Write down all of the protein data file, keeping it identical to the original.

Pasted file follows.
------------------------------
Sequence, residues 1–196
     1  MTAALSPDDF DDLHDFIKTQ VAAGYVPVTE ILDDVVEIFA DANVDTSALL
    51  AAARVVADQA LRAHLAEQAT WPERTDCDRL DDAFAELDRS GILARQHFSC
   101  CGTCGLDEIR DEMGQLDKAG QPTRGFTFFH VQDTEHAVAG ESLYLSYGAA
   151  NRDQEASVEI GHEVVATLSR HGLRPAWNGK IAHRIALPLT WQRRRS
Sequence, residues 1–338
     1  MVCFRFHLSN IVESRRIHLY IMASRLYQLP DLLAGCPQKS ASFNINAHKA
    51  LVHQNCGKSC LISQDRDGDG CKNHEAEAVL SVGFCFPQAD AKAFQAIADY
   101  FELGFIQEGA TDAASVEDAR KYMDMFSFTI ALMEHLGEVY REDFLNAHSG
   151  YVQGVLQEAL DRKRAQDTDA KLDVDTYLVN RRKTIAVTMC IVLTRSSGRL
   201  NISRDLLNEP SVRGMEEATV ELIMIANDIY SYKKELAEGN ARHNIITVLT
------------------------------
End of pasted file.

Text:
Sequence, residues 1–196
     1  MTAALSPDDF DDLHDFIKTQ VAAGYVPVTE ILDDVVEIFA DANVDTSALL
    51  AAARVVADQA LRAHLAEQAT WPERTDCDRL DDAFAELDRS GILARQHFSC
   101  CGTCGLDEIR DEMGQLDKAG QPTRGFTFFH VQDTEHAVAG ESLYLSYGAA
   151  NRDQEASVEI GHEVVATLSR HGLRPAWNGK IAHRIALPLT WQRRRS
Sequence, residues 1–338
     1  MVCFRFHLSN IVESRRIHLY IMASRLYQLP DLLAGCPQKS ASFNINAHKA
    51  LVHQNCGKSC LISQDRDGDG CKNHEAEAVL SVGFCFPQAD AKAFQAIADY
   101  FELGFIQEGA TDAASVEDAR KYMDMFSFTI ALMEHLGEVY REDFLNAHSG
   151  YVQGVLQEAL DRKRAQDTDA KLDVDTYLVN RRKTIAVTMC IVLTRSSGRL
   201  NISRDLLNEP SVRGMEEATV ELIMIANDIY SYKKELAEGN ARHNIITVLT